Henry W Shaw    Back to the top

("Josh Billings") Henry W. Shaw was born in Lanesbord, Berkshire County, Mass. April 21 1818. His father was Hon. Henry Shaw, a prominent citizen of Berkshire County, who was a member of Congress at the age of twenty-five years, and at that time the youngest ever elected to Congress; and for twenty-five years was in the public life as a member of Congress or the legislature of Massachusetts. In 1832, Henry W. Shaw entered college at hamilton, N.Y. and remained one year, when he returned home to spend his vacation. When on his return trip to college, on a canal boat between Albany and Utica, he met as passengers, two adventurers on their way to St. Louis, and their stories of the wild west so captured the student that college was left in the rear, and he continued his journey until he reached Saint Louis, where he joined a band of adventurers who were going across the plains to the Pacific, but owing to troubles with Indians, the party broke up, leaving young Shaw a tramp in the streets of St. Louis, from which city he wandered east, arriving in Norwalk, sometime in the winter of 1835-6, where his brother Robert was then engaged in mercantile business. Here "Josh" spent his younger years, boarding at the hotel and having all the fun he could get out of the small village, such as Norwalk was at that time. Many anecdotes of "Josh's" pranks are still remembered. His father was athe owner of a large tract of land in Townsend on the Medina road, and he gave Henry a farm where the Hill family now live, where he stayed part of the time, though the hotel in town was his home. His principal business was trading horses, and it made little difference whether he got a good trade or a poor one, so that he traded. But he was a good judge of horses and hard to beat, though occaionally he got worsted. In 1845, Henry married Miss Bedford, of Lanesbord, Mass. And brought his wife to Norwalk for their home. , much to the surpirse of his friends and acquaintances who had never mistrusted that Henry thought of marrying. Then they were much more surpised at his marrying such a charming, accomplished, and agreeable young lady; whose influence seemed to change him at once to a man of stability, with good habits, a kind husband, and an indulgent parent. Henry purchased the house on Whittlesey avenue of John Tifft and lived there with his family for some eight years, when he sold the property back to Dr. Tifft, and removed to Saratoga, for the purpose of educating his two daughters, who were born in Norwalk. After three years, "josh" returned to Norwalk, and spent the winter, and in the spring he located in Poughkeepsie NY, thence to New York City. In 1863, Henry W. Shaw commenced writing short essays in phonetic character style, signing "Josh Billings", the first being "On the mule", for which he received $1.50, and from that time onward until his death he continued to write and lecture, until his writings were known and appreciated as those of one of the happiest and most pleasing in the country. As a young man of liesure about town, he was always full of wit and ready at reparteee. At one time he commenced studying law with Boalt & Worcester, prominent lawyers in this city, but after a few weeks he did not appear at the office, and Mr Boalt meeting him on the street one day said to him "Henry I haven't seen you at the office lately." "No." Says Henry, "I think the office has moved away; I haven't been able to find it." And that was the last of his studying law. Henry W. Shaw died at Monterey Calfornia October 15, 1886 and was buried at Lanesbord , Mass and has a block of rough granite, six feet long, four feet square, laid horizontal at the head of the grave with "Josh Billings " cut on the face and "Henry W Shaw" on the upper surface.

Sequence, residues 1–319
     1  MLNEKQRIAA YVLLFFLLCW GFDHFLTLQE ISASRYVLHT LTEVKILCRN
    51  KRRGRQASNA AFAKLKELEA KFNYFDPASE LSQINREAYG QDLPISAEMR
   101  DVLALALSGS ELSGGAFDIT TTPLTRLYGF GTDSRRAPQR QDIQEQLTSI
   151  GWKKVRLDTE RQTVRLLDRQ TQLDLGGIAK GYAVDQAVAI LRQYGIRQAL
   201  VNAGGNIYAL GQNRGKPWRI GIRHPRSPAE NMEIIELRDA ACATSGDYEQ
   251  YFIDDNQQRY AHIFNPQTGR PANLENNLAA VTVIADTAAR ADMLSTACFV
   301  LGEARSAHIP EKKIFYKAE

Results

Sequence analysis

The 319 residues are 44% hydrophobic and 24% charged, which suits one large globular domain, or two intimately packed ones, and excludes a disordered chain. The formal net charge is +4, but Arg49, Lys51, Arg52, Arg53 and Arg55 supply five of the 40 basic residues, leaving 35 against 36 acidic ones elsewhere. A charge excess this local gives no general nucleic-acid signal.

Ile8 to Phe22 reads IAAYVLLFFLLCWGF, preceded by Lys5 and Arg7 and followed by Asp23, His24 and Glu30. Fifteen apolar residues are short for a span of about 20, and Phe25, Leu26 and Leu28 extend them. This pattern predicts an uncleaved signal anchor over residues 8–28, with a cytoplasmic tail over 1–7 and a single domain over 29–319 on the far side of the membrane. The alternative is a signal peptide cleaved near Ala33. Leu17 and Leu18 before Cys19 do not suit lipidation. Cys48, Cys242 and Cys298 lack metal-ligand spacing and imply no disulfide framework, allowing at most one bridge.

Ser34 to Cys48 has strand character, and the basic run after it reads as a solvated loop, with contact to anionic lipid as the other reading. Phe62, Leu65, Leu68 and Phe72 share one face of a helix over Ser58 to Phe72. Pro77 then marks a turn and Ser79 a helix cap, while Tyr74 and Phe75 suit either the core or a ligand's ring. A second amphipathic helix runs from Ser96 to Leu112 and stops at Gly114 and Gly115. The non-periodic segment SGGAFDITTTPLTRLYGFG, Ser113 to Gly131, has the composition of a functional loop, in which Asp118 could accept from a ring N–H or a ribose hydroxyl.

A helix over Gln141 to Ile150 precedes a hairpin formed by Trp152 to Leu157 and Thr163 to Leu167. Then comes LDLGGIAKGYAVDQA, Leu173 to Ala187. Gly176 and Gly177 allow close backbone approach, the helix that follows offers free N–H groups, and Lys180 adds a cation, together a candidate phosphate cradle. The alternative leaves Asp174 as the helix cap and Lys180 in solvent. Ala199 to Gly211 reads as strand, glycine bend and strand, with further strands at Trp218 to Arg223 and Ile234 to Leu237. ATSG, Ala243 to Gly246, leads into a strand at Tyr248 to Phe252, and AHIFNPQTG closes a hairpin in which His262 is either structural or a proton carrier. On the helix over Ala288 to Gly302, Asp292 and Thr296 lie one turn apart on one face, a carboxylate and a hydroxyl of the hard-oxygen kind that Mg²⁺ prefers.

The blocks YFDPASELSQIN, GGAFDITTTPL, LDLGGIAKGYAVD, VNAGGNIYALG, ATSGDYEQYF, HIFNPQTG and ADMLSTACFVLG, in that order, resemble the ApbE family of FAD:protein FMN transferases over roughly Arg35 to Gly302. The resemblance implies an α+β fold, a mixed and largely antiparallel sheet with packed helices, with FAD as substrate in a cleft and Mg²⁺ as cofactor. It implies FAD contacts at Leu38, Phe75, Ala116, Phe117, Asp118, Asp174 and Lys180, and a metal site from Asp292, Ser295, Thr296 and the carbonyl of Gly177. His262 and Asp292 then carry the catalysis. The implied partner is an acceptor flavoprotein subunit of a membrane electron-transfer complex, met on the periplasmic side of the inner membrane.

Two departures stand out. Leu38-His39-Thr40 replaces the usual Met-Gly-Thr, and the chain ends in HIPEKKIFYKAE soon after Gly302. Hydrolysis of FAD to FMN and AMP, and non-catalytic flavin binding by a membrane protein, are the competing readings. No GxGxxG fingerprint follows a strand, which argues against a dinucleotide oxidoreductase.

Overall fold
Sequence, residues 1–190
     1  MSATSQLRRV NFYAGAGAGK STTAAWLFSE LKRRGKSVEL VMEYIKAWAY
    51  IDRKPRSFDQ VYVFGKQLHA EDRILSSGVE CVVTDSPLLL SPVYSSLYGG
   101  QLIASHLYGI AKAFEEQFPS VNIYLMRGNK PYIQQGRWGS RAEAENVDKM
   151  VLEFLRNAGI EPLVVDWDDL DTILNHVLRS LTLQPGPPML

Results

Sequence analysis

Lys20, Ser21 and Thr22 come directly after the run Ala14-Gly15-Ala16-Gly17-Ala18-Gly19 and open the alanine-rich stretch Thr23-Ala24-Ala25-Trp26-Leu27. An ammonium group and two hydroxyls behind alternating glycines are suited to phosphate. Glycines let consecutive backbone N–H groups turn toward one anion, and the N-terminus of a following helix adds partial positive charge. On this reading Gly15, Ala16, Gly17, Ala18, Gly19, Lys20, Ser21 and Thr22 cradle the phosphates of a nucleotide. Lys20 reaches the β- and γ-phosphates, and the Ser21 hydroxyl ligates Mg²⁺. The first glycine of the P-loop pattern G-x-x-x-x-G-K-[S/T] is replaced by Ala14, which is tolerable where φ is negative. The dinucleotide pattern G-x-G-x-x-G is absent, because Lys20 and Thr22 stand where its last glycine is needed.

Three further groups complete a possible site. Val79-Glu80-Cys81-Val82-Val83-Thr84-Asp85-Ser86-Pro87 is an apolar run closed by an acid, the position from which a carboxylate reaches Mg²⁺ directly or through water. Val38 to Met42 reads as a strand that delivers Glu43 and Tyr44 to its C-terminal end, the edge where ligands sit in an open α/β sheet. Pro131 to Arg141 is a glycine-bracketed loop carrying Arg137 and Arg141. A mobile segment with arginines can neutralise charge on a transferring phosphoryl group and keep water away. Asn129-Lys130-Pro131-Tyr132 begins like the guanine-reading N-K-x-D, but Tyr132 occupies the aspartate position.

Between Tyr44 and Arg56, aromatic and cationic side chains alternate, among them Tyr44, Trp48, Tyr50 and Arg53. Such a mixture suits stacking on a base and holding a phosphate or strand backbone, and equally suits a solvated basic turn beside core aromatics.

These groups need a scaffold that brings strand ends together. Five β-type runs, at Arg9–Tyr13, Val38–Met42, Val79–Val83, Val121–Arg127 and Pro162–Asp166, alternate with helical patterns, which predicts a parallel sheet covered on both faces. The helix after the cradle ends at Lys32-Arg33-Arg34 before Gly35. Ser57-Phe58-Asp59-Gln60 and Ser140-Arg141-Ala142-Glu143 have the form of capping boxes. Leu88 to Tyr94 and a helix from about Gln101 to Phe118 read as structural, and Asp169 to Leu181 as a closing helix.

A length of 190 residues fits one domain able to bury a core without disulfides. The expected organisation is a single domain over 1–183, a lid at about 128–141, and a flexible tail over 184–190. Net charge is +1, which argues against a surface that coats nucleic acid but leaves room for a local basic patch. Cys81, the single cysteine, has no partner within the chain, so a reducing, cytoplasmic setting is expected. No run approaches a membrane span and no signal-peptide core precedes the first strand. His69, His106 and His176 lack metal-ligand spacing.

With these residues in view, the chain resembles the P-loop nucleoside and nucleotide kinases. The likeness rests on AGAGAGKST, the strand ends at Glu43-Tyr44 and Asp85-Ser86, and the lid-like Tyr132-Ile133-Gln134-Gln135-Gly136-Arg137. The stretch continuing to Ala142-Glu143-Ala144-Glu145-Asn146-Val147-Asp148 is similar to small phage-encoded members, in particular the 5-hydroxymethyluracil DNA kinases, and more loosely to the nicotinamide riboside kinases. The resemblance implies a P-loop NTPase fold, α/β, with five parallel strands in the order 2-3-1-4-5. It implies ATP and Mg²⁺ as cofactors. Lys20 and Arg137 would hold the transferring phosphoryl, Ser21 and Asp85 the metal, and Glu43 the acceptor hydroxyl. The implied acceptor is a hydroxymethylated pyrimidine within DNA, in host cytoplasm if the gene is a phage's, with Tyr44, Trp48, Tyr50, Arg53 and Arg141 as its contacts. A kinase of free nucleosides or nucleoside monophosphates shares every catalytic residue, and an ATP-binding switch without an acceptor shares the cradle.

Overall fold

Edwin Gager    Back to the top

Was born in Pleasant valley, Dutchess county, N.Y. March 4, 1808. In 1831 he married Miss Permelia Rose, and in 1834 they settled in Camden, Lorain county, where they resided a number of years, and where Mr. Gager did a vast amount of pioneer work in the then unbroken wilderness. In 1851 he came to Norwalk and for a number of years was actively engaged in Mercantile pursuits. His death occurred April 14, 1894.

Eri Mesnard    Back to the top

Was born in Norwalk, Conn. In 1797 and was there reared. He received his education and was graduated ia practical engineer at Ithaca N.Y. He assited in the location and construction of one of the first railroads constructed in the state of N.Y., known as the Ithaca and Oswego Railroad. In 1836, he moved to Huron Co. He first located upon a farm in Fairfield township, but after a brief period, became a permanent resident of Norwalk township. In 1850 he was elected county surveyor, and for fourteen consecutive years he performed the duties of that office with great credit. He was a member of the Methodist Episcopal Church and a man of sterling integrity and christian virtues. He died Jan 28 1879.

James Riley Griffin    Back to the top